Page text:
Product Review: Metallic Edible Art Paints by Sweet Sticks

EDIBLE ART PAINTS PROVIDED BY EDIBLE ART PAINTS BY SWEET STICKS

If you haven’t heard of Edible Art Paint, come out from under that rock, and let me lay some awesomeness on you.

Edible Art Paints are made by Sweet Sticks, an Australian owned and run company, that creates 100% EDIBLE, yep you read that right, 100% EDIBLE Food Paints.

I had the very great fortune to receive a set of the new Metallics range to try, mostly because I pestered Miranda (the GENIUS behind Sweet Sticks), until she gave me some.

So let’s see how they went!

100% EDIBLE

You keep banging on about that Kerrie! Yes I do, because its VERY important.

There is a mass of confusion around the safety of food dusts and paints, and its a serious issue. In times past, decorative dusts and paints were used on items that were not intended for consumption, like toppers and Sugar Flowers, which were removed before the cake was cut, but now that dusts and paints are being used directly on foods such as Cookies, Cake Pops, and Buttercream, the issue of just what is “Edible” is more important than ever.

Labelling can be confusing, as can the terms, but in a nutshell, items marked “For Decorative Use Only”, “Non Toxic”, or “Food Safe” should NEVER be consumed. These labels mean that while the product isn’t ‘dangerous’, it shouldn’t be eaten. It is worth noting that what might not be dangerous to the average person , might be very dangerous to someone with an allergy or a compromised immune system.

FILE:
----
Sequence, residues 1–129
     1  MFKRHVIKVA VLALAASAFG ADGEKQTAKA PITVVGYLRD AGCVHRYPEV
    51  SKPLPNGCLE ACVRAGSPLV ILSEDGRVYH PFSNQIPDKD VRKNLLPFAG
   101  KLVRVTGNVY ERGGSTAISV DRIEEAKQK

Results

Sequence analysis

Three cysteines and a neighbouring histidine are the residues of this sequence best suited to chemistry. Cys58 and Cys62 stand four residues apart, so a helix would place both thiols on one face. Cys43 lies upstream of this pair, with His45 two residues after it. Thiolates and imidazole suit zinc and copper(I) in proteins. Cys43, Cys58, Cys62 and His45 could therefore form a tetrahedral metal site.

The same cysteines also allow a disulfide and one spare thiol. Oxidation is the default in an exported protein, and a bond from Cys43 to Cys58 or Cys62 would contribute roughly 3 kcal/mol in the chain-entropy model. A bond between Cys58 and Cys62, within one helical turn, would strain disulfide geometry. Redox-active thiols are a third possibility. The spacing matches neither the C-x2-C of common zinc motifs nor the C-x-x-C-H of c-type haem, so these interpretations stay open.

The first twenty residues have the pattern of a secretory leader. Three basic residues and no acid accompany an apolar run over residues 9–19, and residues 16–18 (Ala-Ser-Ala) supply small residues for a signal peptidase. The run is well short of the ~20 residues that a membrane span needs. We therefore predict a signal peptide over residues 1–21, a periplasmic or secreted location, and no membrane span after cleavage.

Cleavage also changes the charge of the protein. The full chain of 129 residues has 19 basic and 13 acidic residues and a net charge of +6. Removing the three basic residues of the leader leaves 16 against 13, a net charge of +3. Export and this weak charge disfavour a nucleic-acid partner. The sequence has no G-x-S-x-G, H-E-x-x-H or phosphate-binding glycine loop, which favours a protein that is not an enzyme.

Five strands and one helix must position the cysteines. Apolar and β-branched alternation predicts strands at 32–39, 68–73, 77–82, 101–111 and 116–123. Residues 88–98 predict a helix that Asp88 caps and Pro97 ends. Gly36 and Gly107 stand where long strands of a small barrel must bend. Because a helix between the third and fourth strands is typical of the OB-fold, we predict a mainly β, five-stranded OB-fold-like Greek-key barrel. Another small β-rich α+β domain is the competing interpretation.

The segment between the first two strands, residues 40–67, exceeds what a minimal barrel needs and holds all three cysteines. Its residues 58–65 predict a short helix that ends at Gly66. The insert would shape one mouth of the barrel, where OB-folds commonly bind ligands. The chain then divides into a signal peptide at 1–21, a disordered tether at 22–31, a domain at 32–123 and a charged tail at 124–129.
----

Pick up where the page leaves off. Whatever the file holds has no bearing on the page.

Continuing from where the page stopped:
If you are using the product directly on food to be consumed, it needs to say “Edible”. Edible Art Paints are 100% Edible, and thus they get my tick of approval ✔

Cool, so they won’t kill us, but are they any good???

DUDE. These paints are. so. rad!

I tested the paints on fully crusted Basic Buttercream, and got a pretty much perfect result.

The coverage was clean, no streaking, and most importantly, the colour was EXACTLY the same as the bottle.

I would recommend only using the paints on Buttercream if your Buttercream is crusted, or fully chilled.

The instructions clearly state that you need to SHAKE the bottle before and during use, because this does come premixed, so you need to keep it that way!

I want some! How do I get them?!

These paints are a must! An absolute MUST. No matter whether you are using Fondant, Buttercream, or Modelling Chocolate, they are in my opinion the best, and safest choice for edible metallics.

For more information, and stockists, check out EDIBLE ART PAINTS BY SWEET STICKS

Viva La Buttercream xx